An isolated Mexican beach is nearly empty at sundown. Two boys, maybe 10 or 11, attempt to body surf. There are no lifeguards and only a scattering of people along the three-mile stretch of beach.

This beach is known for its breaking waves and strong undertow that swallows as many as four young lives a year.

Ben Bycel

The only other person within a half-mile of the boys is an older norteamericano on his daily three-mile run/walk (mostly walk). The boys wave to him, as they do every day, and he shouts back in his pigeon Spanish, “Cuidado,” be careful.

The American walks on, glancing back at the boys playing in the water. He worries, as he has done every day that he passes them, if a wave broke badly and pulled them under, would he have the courage to try to save them?

The old Gringo hopes he would, but then, as always, he is mindful that while he can swim, he is not a good swimmer. Moreover, a long ago childhood incident has made him fearful of ocean water. This beach, those boys, is not the first time he has wondered what he would do if faced with risking his life to save another.

Would these limitations stop him from trying to save them? What if he died or was injured trying to save them?

The basic question is universal: “Are we willing to risk our own safety when others are at risk?” The analysis of such a thorny question lies in self-examination of our idea of courage.

If you’re a firefighter, police officer, or emergency worker entrusted with saving lives, you’ve chosen a profession with a legal duty to protect and preserve life. In some other limited situations, such as a parent-child, inter-spousal, airplane pilot, train engineer, or property owner, a duty of care may arise that would legally require you to risk your life. (Note: This column is not intended to be a comprehensive discussion of legal duties of care.)

But do the rest of us have any legal duty to attempt to save a life at the risk of our own? Do we generally have a duty to protect anyone? By law, the answer is no, unless we have put the other in danger.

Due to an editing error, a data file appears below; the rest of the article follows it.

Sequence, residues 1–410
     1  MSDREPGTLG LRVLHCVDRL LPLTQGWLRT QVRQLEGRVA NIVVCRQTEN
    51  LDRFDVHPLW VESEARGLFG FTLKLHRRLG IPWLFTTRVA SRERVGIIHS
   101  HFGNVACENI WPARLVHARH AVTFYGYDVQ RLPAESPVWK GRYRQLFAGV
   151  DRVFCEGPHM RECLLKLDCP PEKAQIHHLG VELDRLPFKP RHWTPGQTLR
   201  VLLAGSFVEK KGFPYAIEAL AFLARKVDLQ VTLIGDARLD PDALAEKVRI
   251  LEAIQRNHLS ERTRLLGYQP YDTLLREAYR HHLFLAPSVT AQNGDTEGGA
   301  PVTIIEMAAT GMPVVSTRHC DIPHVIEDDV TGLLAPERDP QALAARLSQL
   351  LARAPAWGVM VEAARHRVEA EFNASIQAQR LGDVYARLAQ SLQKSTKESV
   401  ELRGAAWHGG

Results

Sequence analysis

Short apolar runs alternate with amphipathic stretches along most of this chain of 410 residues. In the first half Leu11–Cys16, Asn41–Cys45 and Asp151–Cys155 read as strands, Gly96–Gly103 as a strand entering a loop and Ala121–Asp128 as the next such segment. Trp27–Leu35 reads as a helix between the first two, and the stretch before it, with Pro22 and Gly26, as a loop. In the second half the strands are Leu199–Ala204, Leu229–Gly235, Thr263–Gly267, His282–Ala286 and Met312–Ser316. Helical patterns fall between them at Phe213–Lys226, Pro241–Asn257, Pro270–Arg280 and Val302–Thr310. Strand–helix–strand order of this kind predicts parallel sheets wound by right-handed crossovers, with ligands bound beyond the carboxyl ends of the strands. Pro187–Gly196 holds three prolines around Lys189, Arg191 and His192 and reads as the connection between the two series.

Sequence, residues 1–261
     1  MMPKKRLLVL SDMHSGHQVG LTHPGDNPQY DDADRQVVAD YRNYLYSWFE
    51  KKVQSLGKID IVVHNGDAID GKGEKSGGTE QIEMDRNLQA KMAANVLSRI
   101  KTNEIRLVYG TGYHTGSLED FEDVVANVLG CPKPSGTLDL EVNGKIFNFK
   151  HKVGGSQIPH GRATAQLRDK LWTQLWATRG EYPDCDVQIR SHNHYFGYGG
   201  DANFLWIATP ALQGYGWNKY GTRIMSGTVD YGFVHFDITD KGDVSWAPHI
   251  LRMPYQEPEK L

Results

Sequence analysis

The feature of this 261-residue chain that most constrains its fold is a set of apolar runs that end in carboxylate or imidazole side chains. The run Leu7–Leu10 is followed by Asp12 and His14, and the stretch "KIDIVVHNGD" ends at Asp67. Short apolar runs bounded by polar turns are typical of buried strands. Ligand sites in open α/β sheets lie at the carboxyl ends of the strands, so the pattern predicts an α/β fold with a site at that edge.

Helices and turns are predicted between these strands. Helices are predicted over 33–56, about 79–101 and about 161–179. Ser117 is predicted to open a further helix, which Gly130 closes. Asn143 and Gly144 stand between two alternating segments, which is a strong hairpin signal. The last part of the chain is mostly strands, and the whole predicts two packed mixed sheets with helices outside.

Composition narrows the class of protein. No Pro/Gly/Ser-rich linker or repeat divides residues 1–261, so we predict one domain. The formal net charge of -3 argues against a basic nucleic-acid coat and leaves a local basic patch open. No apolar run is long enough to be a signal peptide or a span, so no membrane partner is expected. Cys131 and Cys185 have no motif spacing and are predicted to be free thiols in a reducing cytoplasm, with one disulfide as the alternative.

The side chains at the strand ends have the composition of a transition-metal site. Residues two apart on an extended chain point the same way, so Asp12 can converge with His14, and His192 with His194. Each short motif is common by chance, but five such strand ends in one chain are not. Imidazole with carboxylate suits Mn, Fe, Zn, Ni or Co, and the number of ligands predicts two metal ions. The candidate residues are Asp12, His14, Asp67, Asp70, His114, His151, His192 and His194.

But don’t we have an absolute ethical duty to act if our own well-being is not at risk? For example, if someone were choking on a piece of food or involved in an accident, surely we would attempt a Heimlich or rush him or her to the hospital.

For our decision in the situation of rough seas or a burning building, each of us must look to our own ethical, religious, cultural and moral codes. Much as I read and meditate on these codes and doctrines, I have come to believe that it is not merely the knowledge and adherence to the four cardinal virtues: prudence, justice, temperance, and courage, that account for actions of selfless bravery.

The factors that trigger spontaneous acts of bravery despite life-threatening danger, that motivate us to act, are deeply seated in the human experience and psyche. Many people who have risked their own lives, say, by rushing into a burning building to save a stranger or facing gunfire to shield a child, are asked why they acted. Their responses, regardless of age, race, gender, or nationality, are often similar.

They say they took their action with little or no consideration of the danger to themselves. For example, in 2007, Wesley Autrey, who saved a man who had fallen into the New York subway said, “I had to make a split-second decision.” He went on to say, “I don’t feel like I did something spectacular; I just saw someone who needed help.”

Five years later, Victor Samuel, who also jumped onto subway tracks to rescue a man who had fallen, said, “I had to make a very split-second decision … literally just a split-second decision to go in there.”

These statements and others lead me to believe that most of us, when faced with saving a life at great risk to our own, will instinctively do the right thing. Maybe André Gide’s words will embolden the old Gringo if the moment comes: “Man cannot discover new oceans unless he has the courage to lose sight of the shore.”

None of us will know until we are challenged.

Benjamin Bycel is an attorney and writer. He was the founding executive director of the Los Angeles Ethics Commission and of the newly reconstituted Connecticut Ethics office. He serves as an expert witness in cases dealing with political and legal ethics.


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